Sri Lanka: LLRC report fails to address war crimes committed during the last stages of the civil war in 2009
|Publisher||International Federation for Human Rights|
|Publication Date||20 December 2011|
|Cite as||International Federation for Human Rights, Sri Lanka: LLRC report fails to address war crimes committed during the last stages of the civil war in 2009, 20 December 2011, available at: http://www.refworld.org/docid/4f1021d7c.html [accessed 13 February 2016]|
|Disclaimer||This is not a UNHCR publication. UNHCR is not responsible for, nor does it necessarily endorse, its content. Any views expressed are solely those of the author or publisher and do not necessarily reflect those of UNHCR, the United Nations or its Member States.|
Last Update 20 December 2011
The final report published by the Lessons Learnt and Reconciliation Commission (LLRC) of Sri Lanka established by President Mahinda Rajapaksa in May 2010 largely exonerates government forces from liability for serious international crimes perpetrated during the last stages of the civil war in 2009 and the Commission has so far failed to fully investigate neutrally and with impartiality abuses that occurred in 2009, said the International Federation for Human Rights (FIDH). FIDH joins the growing call by the international community and civil society for the establishment of a UN commission of inquiry into all crimes committed, as recommended by the UN Secretary-General's Panel of Experts on Sri Lanka.
As foreseen, the almost 400-page long report submitted on 20 November 2011 by the LLRC to President Rajapaksa, and publicly released on 16 December 2011, fails to present an impartial and neutral account of the events that occurred from 21 February 2002 to 19 May 2009 in Sri Lanka. In particular, it clearly disregards the worst abuses committed by government forces, including the alleged executions of several LTTE leaders who attempted to surrender in what has been called the "white flag" incident.
The LLRC says it is satisfied with the military strategy adopted to secure the LTTE-held areas, in which the "protection of the civilian population was given the highest priority". It considers that systematic human rights violations were committed mostly by the LTTE and calls for investigations regarding alleged violations by other groups such as the Eelam People's Democratic Party (EPDP) without acknowledging the links the latter, a paramilitary organization, has with government forces.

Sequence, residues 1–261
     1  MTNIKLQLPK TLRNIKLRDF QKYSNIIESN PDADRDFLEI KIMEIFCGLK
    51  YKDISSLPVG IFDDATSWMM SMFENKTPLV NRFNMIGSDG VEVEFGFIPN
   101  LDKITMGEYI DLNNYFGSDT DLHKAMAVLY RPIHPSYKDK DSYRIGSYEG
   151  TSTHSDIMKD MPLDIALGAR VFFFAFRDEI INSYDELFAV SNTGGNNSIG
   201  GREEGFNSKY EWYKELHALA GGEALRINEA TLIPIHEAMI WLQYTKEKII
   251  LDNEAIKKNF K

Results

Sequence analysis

The government of Sri Lanka has systematically resisted external accountability mechanisms such as the UN Secretary General's Panel of Expert, and repeatedly said that the LLRC report would be impartial and objective, and presented as such at the next session of the Human Rights Council in March 2012. The LLRC joins the government of Sri Lanka in rejecting the authenticity of damning testimonies such as those displayed in the video broadcast by Britain's Channel 4 television. It has also been blaming the so-called "hostile diaspora groups" for jeopardizing the reconciliation process and supporting the LTTE.
"Considering the many allegations of abuses involving its own security forces, the government of Sri Lanka must immediately investigate all allegations, including cases of enforced disappearances, and take preventive measures, until all facts are fully established and clarified", said Souhayr Belhassen, president of FIDH. "The right to truth, justice and reparation for all victims is a prerequisite in any reconciliation process and no sustainable peace can be achieved as long as impunity prevails".
FIDH notes several important recommendations made by the LLRC, but stresses that these should be implemented alongside with a full and transparent process of truth-seeking and accountability. One of these recommendations is that it is essential for the government of Sri Lanka to adequately address the grievances of all ethnic groups, including the Tamil people but also the Muslims, in order to prevent a re-escalation of inter-ethnic tensions, which had been one of the underlying factors in the protracted conflict that lasted 26 years from 1983 to 2009.
"Transitional justice mechanisms are direly needed to address the level of violence, suspicion and the sense of discrimination which are still prevalent in today's social and political life in Sri Lanka which shows that the situation may soon deteriorate, especially if the government continues to perpetuate impunity," said Souhayr Belhassen. "The international community also has a responsibility in ensuring that the Sri Lankan government does not obstruct effective efforts to establish accountability for grave violations of international humanitarian and human rights law during the war".